What allows a significant force againstthe Left to become effective, accordingto Schrenck-Notzing, is the continuity ofnations and inherited social authorities. Inthe German case, devotion to a Basic Lawpromulgated in 1947 and really imposedon a defeated and demoralized country byits conquerors could not replace historicalstructures and national cohesion. AlthoughSchrenck-Notzing published opinionsin his journal that were more enthusiasticthan his own about the reconstructedGermany of the postwar years, he nevershared such "constitutional patriotism."He never deviated from his understandingof why the post-war German Right hadbecome an increasingly empty oppositionto the German Left: it had arisen ina confused and humiliated society, and itdrew its strength from the values that itsoccupiers had given it and from its prolongedsubmission to American politicalinterests. Schrenck-Notzing continuallycalled attention to the need for respect forone's own nation as the necessary basis fora viable traditionalism. Long before it wasevident to most, he predicted that the worshipof the postwar German Basic Law andits "democratic" values would not only failto produce a "conservative" philosophy inGermany; he also fully grasped that thisorientation would be a mere transition toan anti-national, leftist political culture.What happened to Germany after 1968was for him already implicit in the "constitutionalpatriotism" that treated Germanhistory as an unrelieved horror up until themoment of the Allied occupation.
For many years Schrenck-Notzing hadpublished books highlighting the specialproblems of post-war German societyand its inability to configure a Right thatcould contain these problems. In 2000 headded to his already daunting publishingtasks the creation and maintenance of aninstitute, the Förderstiftung KonservativeBildung und Forschung, which was establishedto examine theoretical conservativethemes. With his able assistant Dr. HaraldBergbauer and the promotional workof the chairman of the institute's board,Dieter Stein, who also edits the Germanweekly, Junge Freiheit, Schrenck-Notzingapplied himself to studies that neitherhere nor in Germany have elicited muchsupport. As Schrenck-Notzing pointedout, the study of the opposite of whateverthe Left mutates into is never particularlyprofitable, because those whom he called"the future-makers" are invariably in seatsof power. And nowhere was this truerthan in Germany, whose postwar governmentwas imposed precisely to dismantlethe traditional Right, understood as the"source" of Nazism and "Prussianism."The Allies not only demonized the ThirdReich, according to Schrenck-Notzing,but went out of their way, until the onsetof the Cold War, to marginalize anythingin German history and culture that wasnot associated with the Left, if not withoutright communism.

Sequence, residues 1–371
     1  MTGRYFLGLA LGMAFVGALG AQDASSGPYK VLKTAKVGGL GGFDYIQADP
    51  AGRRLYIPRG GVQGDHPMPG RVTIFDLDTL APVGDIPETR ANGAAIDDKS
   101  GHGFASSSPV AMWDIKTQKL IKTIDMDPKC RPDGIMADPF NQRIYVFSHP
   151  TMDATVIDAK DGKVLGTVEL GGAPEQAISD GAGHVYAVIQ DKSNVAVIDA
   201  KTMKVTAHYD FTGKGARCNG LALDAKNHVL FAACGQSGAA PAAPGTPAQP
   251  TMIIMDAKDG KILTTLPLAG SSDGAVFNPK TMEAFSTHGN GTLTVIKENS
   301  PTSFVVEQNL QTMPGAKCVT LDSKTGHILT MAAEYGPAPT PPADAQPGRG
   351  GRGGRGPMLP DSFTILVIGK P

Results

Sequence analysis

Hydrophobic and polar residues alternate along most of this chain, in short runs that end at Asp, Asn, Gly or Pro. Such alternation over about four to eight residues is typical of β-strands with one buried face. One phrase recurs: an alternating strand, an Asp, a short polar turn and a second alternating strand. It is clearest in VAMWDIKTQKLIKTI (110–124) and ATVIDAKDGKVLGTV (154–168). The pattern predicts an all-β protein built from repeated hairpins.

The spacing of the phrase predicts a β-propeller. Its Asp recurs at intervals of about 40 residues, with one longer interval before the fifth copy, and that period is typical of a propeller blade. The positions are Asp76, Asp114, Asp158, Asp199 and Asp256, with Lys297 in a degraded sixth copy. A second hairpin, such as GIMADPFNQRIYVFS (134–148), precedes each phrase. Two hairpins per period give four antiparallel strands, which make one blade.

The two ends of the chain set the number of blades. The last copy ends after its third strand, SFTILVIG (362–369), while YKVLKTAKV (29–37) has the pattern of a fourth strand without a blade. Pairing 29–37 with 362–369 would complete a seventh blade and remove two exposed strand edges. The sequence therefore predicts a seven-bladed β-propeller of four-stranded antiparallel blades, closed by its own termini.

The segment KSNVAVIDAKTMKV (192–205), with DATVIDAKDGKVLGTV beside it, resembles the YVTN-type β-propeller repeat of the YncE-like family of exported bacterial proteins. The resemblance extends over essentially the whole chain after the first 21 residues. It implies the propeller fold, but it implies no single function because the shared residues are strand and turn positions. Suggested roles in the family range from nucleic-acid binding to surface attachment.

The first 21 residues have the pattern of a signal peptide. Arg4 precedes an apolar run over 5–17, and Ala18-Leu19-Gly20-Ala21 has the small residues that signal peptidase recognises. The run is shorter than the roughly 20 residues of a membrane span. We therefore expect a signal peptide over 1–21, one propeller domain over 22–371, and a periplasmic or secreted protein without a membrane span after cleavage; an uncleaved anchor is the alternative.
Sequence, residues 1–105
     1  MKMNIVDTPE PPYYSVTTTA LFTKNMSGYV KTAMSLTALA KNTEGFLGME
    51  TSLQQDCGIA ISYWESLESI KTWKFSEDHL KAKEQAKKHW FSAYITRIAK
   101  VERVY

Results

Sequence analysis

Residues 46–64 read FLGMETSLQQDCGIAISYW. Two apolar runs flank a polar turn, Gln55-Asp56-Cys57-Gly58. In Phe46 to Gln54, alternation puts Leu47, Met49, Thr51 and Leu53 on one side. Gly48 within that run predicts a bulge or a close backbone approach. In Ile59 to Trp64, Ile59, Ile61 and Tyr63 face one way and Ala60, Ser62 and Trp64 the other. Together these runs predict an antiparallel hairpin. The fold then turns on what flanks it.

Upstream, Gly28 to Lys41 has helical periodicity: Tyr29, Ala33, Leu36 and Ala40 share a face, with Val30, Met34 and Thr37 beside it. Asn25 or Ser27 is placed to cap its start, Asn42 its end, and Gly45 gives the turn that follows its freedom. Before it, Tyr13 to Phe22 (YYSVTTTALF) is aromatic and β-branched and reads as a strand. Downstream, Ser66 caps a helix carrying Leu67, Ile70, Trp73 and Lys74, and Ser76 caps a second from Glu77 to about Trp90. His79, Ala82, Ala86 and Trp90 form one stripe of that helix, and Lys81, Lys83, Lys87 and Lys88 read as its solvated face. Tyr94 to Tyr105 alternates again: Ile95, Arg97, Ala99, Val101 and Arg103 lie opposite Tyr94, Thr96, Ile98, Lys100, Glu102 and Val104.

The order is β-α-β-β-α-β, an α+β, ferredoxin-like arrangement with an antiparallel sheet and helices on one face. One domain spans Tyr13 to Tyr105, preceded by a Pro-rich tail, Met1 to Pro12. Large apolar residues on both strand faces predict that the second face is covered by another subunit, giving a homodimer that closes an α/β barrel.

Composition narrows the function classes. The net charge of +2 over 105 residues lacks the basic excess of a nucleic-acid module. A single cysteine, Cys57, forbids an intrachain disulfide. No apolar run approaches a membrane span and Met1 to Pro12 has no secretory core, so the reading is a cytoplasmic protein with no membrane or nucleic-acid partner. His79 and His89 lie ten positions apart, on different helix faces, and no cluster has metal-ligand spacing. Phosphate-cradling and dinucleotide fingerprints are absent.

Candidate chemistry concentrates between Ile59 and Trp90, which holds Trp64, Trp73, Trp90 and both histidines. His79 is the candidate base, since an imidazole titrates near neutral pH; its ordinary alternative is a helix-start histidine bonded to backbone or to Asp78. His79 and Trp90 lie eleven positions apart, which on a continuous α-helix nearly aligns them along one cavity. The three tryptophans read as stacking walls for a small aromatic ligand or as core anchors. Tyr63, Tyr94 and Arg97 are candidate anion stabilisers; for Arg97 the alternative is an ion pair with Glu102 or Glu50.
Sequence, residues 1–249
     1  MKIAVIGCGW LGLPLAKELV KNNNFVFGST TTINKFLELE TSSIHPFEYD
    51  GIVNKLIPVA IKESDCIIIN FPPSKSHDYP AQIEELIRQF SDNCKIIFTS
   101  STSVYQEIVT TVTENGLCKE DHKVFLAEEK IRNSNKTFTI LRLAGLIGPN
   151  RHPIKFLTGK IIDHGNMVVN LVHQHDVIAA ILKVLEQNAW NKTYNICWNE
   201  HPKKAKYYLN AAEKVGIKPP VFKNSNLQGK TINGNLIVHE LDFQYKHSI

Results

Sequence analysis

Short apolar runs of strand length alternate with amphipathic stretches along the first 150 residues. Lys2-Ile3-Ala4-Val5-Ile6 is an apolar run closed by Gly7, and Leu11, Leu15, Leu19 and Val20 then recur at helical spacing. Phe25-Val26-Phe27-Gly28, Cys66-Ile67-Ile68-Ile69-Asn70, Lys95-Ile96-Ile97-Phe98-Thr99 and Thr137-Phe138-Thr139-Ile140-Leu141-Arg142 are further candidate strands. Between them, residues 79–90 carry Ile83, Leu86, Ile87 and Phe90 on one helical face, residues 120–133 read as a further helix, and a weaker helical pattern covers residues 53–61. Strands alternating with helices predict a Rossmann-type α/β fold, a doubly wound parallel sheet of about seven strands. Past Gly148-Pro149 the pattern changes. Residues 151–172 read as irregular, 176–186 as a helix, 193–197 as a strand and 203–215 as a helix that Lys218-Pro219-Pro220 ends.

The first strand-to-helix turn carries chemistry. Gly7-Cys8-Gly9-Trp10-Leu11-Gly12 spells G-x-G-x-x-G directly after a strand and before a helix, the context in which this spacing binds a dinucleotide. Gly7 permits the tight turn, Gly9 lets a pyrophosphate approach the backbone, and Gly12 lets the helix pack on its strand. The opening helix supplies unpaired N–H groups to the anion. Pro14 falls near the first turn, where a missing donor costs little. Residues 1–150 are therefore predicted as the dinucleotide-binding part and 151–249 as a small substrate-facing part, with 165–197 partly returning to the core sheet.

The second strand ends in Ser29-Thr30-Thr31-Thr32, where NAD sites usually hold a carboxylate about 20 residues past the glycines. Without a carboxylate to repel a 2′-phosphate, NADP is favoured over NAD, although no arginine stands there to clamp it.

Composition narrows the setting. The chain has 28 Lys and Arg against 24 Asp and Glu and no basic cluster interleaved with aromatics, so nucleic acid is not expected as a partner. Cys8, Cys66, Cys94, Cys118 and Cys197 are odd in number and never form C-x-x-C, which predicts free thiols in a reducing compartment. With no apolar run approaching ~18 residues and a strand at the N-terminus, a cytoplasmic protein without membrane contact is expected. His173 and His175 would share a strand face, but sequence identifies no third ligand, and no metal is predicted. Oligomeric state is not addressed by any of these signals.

This was the theme of Schrenck-Notzing'smost famous book, Charakterwäsche:Die Politik der amerikanischen Umerziehungin Deutschland, a study of the intent andeffects of American re-education policiesduring the occupation of Germany. Thisprovocative book appeared in three separateeditions. While the first edition, in1965, was widely reviewed and criticallyacclaimed, by the time the third editionwas released by Leopold Stocker Verlagin 2004, its author seemed to be tiltingat windmills. Everything he castigated inhis book had come to pass in the currentGerman society—and in such a repressive,anti-German form that it is doubtful thatthe author thirty years earlier would havebeen able to conceive of his worst nightmarescoming to life to such a degree. Inhis book, Schrenck-Notzing documentsthe mixture of spiteful vengeance and leftistutopianism that had shaped the Allies'forced re-education of the Germans, andhe makes it clear that the only things thatslowed down this experiment were thevictories of the anticommunist Republicansin U.S. elections and the necessities ofthe Cold War. Neither development hadbeen foreseen when the plan was put intooperation immediately after the war.